Defending the Right to Treat Your Employees Like Dirt
Getting tired of eating at Chick-Fil-A every day to express your hatred of liberals? Well, now you have a couple more options. You can chow down at Applebee's, where the CEO of their New York franchises went on TV to declare that he won't be doing more hiring because of the costs Obamacare would impose. Or you can head over to Papa John's, whose CEO, John Schnatter, has said that Obamacare could add as much as—brace yourself—10 cents to the cost of a pizza, and since obviously customers would never tolerate such price gouging, he'll just have to cut back employees' hours.
In our new era of corporate political activism, we're goin to be seeing a lot more of this kind of thing. So let's make sure we all understand exactly what it is these chieftains are complaining about: They don't want to give their employees health insurance. That's it. They'd prefer to talk about "regulation" in some general sense, so you might get the impression that Obamacare is making them needlessly remodel their bathrooms or something, but the provision in question mandates that health coverage be offered in any company that has over 50 employees.
And there's something else to keep in mind: Nearly all companies with over 50 employees already offer health coverage to their employees, even though this provision of Obamacare doesn't take effect until January 2014. According to the Kaiser Family Foundation, 98 percent of companies with over 200 employees offer coverage, as do 94 percent of companies with between 50 and 199 employees. That means when you see some CEO come out and decry the costs of Obamacare, the person you're looking at is one of the jerks, the guy who treats his employees like crap and is angry that the law is going to force him to be a little more humane.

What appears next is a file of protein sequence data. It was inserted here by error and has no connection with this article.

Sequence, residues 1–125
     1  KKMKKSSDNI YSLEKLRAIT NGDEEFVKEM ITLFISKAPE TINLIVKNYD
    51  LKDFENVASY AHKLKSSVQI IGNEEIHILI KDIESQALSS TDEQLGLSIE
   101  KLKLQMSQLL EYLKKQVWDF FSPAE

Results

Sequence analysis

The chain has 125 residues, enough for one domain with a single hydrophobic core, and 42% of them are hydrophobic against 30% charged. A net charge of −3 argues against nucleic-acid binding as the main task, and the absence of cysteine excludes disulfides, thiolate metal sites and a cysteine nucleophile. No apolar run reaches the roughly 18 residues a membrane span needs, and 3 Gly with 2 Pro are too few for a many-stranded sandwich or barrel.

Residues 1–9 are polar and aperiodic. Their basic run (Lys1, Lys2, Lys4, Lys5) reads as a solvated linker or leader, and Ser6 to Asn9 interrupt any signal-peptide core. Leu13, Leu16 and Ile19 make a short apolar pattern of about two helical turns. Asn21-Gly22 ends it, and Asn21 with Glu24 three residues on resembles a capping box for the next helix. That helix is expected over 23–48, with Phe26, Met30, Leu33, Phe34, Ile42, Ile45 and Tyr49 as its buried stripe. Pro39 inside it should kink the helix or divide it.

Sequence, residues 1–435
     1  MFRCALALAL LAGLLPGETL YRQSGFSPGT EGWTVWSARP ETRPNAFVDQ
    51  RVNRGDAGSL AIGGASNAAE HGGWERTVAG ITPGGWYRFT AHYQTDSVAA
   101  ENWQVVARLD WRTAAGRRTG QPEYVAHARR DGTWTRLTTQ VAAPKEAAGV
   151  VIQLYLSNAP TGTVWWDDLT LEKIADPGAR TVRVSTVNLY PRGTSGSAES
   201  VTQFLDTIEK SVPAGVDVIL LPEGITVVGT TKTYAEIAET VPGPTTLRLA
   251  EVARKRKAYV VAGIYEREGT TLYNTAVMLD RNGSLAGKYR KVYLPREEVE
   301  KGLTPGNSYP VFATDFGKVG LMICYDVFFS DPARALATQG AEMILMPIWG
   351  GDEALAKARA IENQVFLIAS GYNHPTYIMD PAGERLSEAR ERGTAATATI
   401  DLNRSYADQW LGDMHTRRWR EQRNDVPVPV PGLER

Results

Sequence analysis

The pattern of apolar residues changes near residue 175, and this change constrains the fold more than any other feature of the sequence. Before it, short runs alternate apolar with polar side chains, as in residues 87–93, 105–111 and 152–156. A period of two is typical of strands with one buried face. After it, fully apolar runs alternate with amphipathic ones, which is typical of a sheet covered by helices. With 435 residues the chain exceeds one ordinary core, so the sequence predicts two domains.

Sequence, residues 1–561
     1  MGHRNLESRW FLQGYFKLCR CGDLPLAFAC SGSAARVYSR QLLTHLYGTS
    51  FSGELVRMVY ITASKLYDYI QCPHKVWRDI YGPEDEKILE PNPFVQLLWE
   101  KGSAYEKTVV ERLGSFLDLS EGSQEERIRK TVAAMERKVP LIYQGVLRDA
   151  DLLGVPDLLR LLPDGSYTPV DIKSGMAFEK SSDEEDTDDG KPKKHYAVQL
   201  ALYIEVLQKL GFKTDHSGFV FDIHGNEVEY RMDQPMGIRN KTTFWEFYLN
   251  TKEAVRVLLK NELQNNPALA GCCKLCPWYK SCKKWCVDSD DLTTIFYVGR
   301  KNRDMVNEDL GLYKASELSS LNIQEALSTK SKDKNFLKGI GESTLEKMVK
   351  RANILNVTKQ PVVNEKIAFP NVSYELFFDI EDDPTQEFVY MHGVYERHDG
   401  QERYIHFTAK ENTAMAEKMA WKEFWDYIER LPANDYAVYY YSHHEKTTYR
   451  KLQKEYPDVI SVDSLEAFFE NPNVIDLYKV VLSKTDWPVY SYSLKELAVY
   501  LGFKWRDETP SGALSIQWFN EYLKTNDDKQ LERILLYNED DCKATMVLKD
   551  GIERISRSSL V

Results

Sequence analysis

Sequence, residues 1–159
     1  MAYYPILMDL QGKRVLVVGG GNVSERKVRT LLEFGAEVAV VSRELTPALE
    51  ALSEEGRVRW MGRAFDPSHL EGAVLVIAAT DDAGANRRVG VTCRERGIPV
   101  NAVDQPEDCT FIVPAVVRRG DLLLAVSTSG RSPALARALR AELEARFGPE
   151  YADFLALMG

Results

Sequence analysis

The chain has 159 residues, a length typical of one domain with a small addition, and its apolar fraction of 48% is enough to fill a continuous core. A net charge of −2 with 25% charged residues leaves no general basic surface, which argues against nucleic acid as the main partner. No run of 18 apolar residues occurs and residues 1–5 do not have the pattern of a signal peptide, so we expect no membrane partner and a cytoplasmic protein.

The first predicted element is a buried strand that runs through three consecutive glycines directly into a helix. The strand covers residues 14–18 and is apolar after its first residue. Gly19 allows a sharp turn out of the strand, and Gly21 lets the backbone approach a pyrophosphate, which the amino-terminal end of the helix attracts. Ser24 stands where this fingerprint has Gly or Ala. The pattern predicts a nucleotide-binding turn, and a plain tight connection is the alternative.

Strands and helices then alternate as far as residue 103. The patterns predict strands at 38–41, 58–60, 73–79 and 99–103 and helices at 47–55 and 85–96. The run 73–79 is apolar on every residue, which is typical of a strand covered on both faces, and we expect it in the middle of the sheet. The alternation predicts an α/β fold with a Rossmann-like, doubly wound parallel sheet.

There's a strong argument to be made that we should decouple health insurance from employment altogether. Making people depend on their employers for their health care is an artifact of history (unions began demanding health benefits during World War II, when they couldn't negotiate for pay increases because the government had instituted a wage freeze), not something that came about because it was a particularly rational way to get people insured. But as long as we're sticking with a largely employer-based system, I think I speak for a lot of people when I say that I'd be more than happy to pay an extra 10 cents for my pizza if it meant knowing that the workers who made it are insured.
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